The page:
Or that armoured leg looks tasty, get that leg and you have a full set of heavy armour when you get back to ops and manufacture it.

Decisions, decisions.

Techin' Up

Very early on you'll unlock Operations, here you can use the med-bay, level up your core using Tech Scrap and rather like *Souls bonfires, heal all your wounds and cause the enemies to repopulate in the areas. The Surge's levelling mechanic is interesting, and more than just XP to increase the simple base stats of the character. The more Core Level you have, the more augmentations you can add to your Exo Frame and these allow you simple buffs, things like health recovery upon using finishing moves to kill a bad guy, more damage with one-handed weapons and so forth.

You can also bank your Tech Scrap at the Manufacturing Station or Med Station. Because, if you die... just like *Souls you're going to drop that hard-earned currency.

Unlike *Souls though, you have a finite time to get back to where you died and reclaim it before it's gone for good. If you die again between now and then, tough, it's gone.

I really like the progression system in the Surge and I've found myself spending a lot of time levelling my Core higher and higher to unlock more slots to add in those lovely augmentations.

Findin' Your Way

The Surge doesn't hold your hand at any point. It gives you on-screen hints that appear in a very Splinter Cell: Conviction/Blacklist manner superimposed on the background of various flat surfaces, but that's about it. The Surge expects you to work out where you have to go by following simple objectives and allows you to open certain doors to create short cuts to various previously explored areas. These usually facilitate a quick route to a boss fight or back to Operations.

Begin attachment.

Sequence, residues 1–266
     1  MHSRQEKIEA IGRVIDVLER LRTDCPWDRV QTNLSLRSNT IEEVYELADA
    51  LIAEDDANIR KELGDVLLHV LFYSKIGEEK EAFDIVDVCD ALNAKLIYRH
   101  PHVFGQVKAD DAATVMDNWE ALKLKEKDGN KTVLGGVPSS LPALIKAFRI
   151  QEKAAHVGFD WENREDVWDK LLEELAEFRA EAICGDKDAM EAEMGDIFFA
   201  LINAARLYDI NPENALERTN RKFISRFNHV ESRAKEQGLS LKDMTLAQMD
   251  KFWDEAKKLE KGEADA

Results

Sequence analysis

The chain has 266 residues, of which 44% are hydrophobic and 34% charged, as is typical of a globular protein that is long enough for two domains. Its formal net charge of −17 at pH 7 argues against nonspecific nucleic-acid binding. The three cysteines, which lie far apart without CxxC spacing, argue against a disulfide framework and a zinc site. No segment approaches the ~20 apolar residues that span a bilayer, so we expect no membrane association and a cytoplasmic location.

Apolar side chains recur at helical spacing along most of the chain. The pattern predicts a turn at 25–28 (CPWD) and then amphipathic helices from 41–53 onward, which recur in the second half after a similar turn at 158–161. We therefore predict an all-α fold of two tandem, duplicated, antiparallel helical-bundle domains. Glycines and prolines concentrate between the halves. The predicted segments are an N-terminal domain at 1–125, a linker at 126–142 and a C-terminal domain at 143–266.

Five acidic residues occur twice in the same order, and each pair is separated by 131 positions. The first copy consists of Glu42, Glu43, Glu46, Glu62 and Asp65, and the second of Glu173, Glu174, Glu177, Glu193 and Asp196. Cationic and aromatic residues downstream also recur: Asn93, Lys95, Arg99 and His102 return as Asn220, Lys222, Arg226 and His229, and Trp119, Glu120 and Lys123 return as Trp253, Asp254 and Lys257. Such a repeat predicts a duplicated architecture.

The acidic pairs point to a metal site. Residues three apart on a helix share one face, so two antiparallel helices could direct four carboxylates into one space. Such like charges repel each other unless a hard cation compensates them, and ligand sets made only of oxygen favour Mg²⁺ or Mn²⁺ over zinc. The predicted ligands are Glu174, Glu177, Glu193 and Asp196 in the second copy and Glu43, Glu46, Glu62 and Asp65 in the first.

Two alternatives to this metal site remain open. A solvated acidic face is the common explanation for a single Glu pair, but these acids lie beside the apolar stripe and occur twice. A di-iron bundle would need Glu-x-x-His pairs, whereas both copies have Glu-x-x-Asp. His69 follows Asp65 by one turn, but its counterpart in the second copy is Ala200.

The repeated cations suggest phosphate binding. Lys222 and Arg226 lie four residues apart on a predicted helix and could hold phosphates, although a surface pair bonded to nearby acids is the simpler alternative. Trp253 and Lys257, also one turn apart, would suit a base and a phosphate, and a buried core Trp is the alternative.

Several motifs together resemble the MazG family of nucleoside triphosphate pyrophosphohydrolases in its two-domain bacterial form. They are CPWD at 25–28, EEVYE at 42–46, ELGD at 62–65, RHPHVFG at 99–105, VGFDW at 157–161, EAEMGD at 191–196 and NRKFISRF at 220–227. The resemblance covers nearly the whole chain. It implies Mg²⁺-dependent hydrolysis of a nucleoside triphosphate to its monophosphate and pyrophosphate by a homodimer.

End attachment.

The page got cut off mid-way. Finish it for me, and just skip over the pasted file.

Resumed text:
It's a very organic method of exploration and rewards poking around for various secrets extremely well. Not only will you find new weapons, new aug chips, but you'll also discover various bits of lore that flesh out the world of the Surge and what happened to the various people in the factory and so on.

Just remember that it's like *Souls in that regard, there are hidden enemies just waiting to shred your health bar and drain that stamina. There's different types of bad guys to face and the further into the game you go, things get tougher and tougher - with the first boss fight as taxing as some of the boss fights in Dark Souls III.

Also, loading is nice and quick when you die so you're never left waiting too long to get back into it. The transition from area to area is handled nicely and there's not a loading screen in sight as you push open the heavy doors to go into another part of the area.

Grunge Souls

The Surge has a lot going for it in terms of atmosphere, the graphics provide a grunge-tech feel to the whole proceedings and the various locations that you explore are deeply grounded in the chunky-tech design of the Surge's fictional universe. It's a good looking game that cleaves nicely to its lore and everything seems to fit into place as you explore the various locations.